I did set up another virtual drive attached to the ROCK in case I would want using the ripper feature but for the moment I don’t have time for this to test and would probably stick using DBPoweramp in the Host desktop anyway.

Cool. But I’m not sure what you gain doing that way as it will require a full VM rather than a container. A full VM has to exclusively own its resources e.g. RAM. And I’ve learned the hard way that using software not as designed punishes you later.

Standard Roon core on a basic Ubuntu server (no GUI) is light on resources and performs perfectly well. And it won’t make a jot of difference to sound quality. So it seems to me that installing ROCK on an unsupported platform is just asking for pain for no gain… that said, I fully appreciate the desire to tinker… :slight_smile:

Also, now I think about it I’m not sure running the standard core on a hypervisor is supported either! So who am I to talk. :slight_smile: But I still think it is less likely to cause you heartache installing the standard core (which is designed for a generic linux platform) on a virtual machine than installing ROCK on a VM which is specifically tailored to an Intel NUC.

I’ve been running ROCK on ESXi (free) for a year without issue. I have a 1U server with 32GB and plenty of cores for all my VMs. Containers are great but would add significant complexity to my environment (as example, I use the virtual network layer in ESXi to attach virtual NICs to VLANs for isolation). I don’t mind dedicating resources to ROCK instead of “sharing”. That’s obviously a different philosophy but it works for me. The other nice thing is that I never worry about upgrades within the ROCK path. There is no concept of a “node” which needs to be maintained. ROCK takes care of itself. If I was managing a ton of microservices I’d certainly transition to a container architecture but honestly I just don’t have that much to maintain at home. In my current set-up I can upgrade and reboot every “Linux install” on my server and ROCK is never interrupted. That cannot be done with containers unless you’ve got multiple nodes and the containers can be fronted by a LB (which ROON cannot). While I love the enthusiasm I see for loading Roon as a container… it just won’t work in all environments. For that reason loading ROCK in a VM makes a lot more sense if you’re not wanting to drop another bit of hardware into the environment. And, on top of all that, the money I saved by not buying a NuC went directly into a lifetime sub and I’ve got 99% of the NuC benefit (with faster cores).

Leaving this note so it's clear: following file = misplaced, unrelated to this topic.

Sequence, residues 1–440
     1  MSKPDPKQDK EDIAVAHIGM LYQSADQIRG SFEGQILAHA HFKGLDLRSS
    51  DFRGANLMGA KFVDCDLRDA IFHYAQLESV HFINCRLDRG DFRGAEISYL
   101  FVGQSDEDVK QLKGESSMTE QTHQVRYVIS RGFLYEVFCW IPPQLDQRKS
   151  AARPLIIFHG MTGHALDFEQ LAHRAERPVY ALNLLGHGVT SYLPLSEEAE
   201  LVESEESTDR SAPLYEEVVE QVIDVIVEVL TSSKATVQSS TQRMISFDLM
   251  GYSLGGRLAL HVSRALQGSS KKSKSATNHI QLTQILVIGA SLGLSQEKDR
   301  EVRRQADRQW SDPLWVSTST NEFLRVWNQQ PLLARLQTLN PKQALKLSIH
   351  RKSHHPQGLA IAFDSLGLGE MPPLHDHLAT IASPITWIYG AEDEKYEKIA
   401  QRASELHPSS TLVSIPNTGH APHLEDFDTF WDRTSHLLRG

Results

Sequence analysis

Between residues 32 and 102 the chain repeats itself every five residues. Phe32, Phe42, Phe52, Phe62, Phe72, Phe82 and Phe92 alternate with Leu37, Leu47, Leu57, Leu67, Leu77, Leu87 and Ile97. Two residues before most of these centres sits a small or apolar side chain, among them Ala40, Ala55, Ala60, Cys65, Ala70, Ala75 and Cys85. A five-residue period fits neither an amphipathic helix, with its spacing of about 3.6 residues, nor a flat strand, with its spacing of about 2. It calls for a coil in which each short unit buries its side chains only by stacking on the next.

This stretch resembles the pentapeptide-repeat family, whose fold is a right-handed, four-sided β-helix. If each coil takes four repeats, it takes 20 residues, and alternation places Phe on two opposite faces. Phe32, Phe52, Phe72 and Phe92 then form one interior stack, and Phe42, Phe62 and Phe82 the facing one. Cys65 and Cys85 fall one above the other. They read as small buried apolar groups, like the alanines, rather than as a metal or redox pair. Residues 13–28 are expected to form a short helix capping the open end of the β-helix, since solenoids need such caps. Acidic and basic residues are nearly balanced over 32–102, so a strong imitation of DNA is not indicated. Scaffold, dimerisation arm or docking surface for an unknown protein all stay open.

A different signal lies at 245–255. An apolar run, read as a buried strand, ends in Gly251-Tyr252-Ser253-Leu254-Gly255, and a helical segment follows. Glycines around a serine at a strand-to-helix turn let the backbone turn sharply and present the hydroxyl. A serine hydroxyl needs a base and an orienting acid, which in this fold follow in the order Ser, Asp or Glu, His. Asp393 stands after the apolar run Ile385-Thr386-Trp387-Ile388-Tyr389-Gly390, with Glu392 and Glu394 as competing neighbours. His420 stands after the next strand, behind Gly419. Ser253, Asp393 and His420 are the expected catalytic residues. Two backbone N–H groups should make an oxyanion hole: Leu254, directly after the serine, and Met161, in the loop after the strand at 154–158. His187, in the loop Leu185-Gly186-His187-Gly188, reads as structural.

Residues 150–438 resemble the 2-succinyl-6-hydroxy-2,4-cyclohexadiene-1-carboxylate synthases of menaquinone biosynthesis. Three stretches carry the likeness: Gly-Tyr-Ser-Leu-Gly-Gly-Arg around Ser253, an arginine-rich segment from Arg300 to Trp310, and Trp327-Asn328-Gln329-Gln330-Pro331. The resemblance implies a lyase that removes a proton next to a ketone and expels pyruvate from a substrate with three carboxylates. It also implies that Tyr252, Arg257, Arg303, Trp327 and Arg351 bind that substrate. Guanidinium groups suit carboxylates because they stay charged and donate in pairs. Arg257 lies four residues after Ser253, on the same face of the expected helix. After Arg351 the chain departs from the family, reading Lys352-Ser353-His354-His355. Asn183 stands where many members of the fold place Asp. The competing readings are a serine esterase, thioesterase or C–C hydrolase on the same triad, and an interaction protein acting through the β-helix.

One other bit I wanted to mention. “Sharing” of resource in ROCK I don’t recommend. I don’t have a routine for listening nor do I always listen to the same zones. Some of my zones I use upsampling. Some of files need DSD (multi-channel) -> PCM (2-ch) conversion. Additionally, there are others in my house who use Roon. Without routine this means I may be listening at the same time I’m hammering another VM or multiple VMs. I get consistent, predictable, performance from ROCK regardless of what my other VMs are doing as I’ve dedicated resources to ROCK. I can drive all my other VMs into the ground and I never hear from a family member that “somethings wrong with Roon”. That’s a priority for me and has worked consistently over the year. Again, a different philosophy to how to run Core.

Anywhoo… just wanted to throw an alternative “why” out there.

Great post. Interesting that it is so stable - clearly ROCK is not that fussy about not being on a NUC which was my main concern.

I take your point re not having Roon impacted by other services. That hasn’t been an issue I’ve struck. The only likely culprit in my environment would be the container running Plex if it were busy transcoding something - but in our house it is unheard of that Plex and Roon would be used concurrently.

Yes I do have 2 nodes in my environment so can avoid downtime - but TBH I don’t bother migrating Roon or other services when doing maintainance unless it’s something major. I can put up with the occasional complaint from my users (one of whom is 10, the other 6 :slight_smile:)

ROCK on Proxmox is still something I might have a play with. But currently it’s mainly a case of if it ain’t broke don’t fix it.